The nonbank financial sector comprises a large and growing number of (mostly bank-owned) mutual funds and venture capital companies; two pension funds; eight offshore banks; 16 insurers; 11 leasing companies; a postal savings scheme; and two factoring companies. The Tunis Stock Exchange is small.
The banking system is supervised by the Banque Centrale de Tunisie, the insurance sector by a Directorate General of the ministry of finance, and the securities markets by an autonomous Conseil du Marché Financier reporting directly to the President of the Republic. Control over state-owned financial institutions is exercised through the ministry of finance.
15. Bank soundness exhibits significant cross-country variations (Table 4). Private banks in Algeria are well capitalized and profitable but they only represent 10 percent of financial system assets. Overall, the ratio of NPLs to total loans remains high. In Morocco, commercial banks are generally profitable and efficient and the overall ratio of NPLs to total loans was reduced from 15.6 percent in 2005 to 10.9 percent at end 2006. In Tunisia, commercial banks are also generally profitable and efficient, but are saddled with a relatively high level of NPLs, reflecting an ageing backlog of nonperforming directed credits and more recent problems from a downturn in tourism activity in 2002–03 (NPLs to the tourism sector now account for about a quarter of total NPLs). In Libya and Mauritania, weaknesses in banking data prevent a full assessment of banks’ health. Nonetheless, there are concerns in Mauritania about high loan concentration, connected lending, and NPLs— notably as most banks belong to large nonfinancial conglomerates. In Libya, pervasive directed credit policies and interest rate controls have likely had an adverse effect on bank performance.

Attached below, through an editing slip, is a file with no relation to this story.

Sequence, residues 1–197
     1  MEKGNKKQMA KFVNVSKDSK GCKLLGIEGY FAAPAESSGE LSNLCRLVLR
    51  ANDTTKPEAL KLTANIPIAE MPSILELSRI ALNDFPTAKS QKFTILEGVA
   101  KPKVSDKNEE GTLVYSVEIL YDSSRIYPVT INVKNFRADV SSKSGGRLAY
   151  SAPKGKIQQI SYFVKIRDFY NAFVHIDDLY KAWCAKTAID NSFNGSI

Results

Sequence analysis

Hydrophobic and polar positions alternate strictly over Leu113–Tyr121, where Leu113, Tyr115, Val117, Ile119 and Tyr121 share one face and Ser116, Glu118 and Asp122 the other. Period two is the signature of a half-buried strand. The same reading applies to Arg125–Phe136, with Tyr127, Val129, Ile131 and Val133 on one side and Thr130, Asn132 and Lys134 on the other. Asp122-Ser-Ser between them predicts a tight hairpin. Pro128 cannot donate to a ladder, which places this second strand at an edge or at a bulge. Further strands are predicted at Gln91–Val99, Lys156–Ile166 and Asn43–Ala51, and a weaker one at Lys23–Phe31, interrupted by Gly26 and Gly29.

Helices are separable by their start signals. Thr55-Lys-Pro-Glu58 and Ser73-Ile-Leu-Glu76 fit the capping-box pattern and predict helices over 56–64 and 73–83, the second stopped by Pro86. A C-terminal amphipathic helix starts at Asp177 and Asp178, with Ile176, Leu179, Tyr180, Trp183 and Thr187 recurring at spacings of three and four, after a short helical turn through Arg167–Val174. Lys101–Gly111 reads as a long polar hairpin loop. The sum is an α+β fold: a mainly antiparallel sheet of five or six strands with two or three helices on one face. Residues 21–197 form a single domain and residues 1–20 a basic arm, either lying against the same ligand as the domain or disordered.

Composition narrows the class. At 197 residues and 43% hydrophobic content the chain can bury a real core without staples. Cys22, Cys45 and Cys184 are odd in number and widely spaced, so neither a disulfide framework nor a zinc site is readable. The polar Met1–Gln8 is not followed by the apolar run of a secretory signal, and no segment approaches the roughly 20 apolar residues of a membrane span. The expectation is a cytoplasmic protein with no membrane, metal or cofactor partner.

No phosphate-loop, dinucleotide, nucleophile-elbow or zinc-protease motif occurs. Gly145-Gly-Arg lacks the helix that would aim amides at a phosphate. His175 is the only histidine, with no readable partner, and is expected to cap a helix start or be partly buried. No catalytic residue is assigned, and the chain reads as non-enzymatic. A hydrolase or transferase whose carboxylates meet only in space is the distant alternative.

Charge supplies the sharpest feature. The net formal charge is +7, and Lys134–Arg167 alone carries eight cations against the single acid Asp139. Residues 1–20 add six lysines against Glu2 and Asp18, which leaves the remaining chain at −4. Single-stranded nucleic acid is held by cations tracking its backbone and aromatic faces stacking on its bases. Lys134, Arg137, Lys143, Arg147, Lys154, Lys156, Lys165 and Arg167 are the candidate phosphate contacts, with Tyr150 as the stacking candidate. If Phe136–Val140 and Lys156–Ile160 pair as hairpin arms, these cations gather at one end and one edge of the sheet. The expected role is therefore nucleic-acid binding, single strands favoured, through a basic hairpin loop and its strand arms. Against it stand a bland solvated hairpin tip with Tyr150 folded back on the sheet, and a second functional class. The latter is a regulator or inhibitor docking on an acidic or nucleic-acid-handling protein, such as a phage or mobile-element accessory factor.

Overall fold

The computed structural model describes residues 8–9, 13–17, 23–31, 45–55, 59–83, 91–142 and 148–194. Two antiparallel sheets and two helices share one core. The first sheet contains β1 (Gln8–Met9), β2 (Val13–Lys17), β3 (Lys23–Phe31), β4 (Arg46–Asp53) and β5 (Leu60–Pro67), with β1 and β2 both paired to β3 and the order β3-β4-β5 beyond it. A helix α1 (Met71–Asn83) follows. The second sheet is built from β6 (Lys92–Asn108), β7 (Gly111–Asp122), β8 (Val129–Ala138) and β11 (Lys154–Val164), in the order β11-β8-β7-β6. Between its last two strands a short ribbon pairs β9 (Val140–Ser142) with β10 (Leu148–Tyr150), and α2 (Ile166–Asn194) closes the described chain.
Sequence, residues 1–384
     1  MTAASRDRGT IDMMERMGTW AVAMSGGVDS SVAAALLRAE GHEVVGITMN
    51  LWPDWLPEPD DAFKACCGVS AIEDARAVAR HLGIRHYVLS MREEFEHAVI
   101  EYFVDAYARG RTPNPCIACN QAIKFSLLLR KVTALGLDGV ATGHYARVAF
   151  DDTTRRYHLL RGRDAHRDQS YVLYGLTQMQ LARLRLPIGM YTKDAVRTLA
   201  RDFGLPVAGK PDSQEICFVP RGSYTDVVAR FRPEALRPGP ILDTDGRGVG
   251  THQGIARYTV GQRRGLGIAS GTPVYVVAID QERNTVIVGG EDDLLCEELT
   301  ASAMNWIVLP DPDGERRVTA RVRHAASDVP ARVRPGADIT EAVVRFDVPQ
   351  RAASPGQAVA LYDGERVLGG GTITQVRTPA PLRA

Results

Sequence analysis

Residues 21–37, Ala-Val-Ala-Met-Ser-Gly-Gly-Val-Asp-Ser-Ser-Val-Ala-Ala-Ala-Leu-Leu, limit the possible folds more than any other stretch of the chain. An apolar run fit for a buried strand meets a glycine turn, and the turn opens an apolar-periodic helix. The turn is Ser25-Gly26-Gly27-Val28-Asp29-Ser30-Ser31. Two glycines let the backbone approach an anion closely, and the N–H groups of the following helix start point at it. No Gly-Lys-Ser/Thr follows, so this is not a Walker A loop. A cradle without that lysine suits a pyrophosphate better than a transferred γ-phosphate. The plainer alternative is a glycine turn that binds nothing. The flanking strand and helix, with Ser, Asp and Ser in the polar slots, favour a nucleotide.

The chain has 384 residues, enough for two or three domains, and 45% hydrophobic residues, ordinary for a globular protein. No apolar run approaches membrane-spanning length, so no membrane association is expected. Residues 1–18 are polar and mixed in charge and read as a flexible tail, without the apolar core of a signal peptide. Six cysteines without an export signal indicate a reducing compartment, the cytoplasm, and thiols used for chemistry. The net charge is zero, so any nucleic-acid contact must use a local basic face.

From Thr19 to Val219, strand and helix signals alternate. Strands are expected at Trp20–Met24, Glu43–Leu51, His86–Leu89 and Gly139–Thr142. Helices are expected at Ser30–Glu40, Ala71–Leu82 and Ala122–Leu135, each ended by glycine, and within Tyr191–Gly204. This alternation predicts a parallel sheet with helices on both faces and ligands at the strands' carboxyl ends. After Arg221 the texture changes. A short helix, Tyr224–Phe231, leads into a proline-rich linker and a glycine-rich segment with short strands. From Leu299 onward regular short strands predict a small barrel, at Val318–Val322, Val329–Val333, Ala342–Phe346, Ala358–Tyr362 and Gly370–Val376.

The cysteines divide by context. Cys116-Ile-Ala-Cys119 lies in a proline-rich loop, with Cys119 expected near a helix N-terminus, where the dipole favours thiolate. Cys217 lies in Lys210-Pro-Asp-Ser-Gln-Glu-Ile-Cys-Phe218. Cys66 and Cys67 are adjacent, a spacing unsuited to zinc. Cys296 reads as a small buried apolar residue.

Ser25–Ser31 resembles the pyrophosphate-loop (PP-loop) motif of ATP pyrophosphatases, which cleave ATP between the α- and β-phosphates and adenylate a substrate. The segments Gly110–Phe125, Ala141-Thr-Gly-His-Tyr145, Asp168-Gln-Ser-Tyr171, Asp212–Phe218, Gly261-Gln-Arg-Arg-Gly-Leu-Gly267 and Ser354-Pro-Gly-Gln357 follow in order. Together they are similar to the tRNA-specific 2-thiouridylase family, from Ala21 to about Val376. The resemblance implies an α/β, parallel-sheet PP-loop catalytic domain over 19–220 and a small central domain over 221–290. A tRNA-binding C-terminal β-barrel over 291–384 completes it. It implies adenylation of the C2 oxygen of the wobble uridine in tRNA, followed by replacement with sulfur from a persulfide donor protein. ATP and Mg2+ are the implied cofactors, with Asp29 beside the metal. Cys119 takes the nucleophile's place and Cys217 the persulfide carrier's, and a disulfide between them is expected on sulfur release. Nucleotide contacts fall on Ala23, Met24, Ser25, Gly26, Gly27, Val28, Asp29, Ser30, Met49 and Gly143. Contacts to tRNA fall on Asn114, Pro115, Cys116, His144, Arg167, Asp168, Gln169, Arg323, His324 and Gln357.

Credit in Real
Terms over 2000–05
As of 2004, except for real growth of credit.
As of end 2006.
As of June 2006.
Provisioning figures as of 2004.
As of September 2005.
As of 2004, except for real growth of credit.
As of end 2006.
As of June 2006.
Provisioning figures as of 2004.
As of September 2005.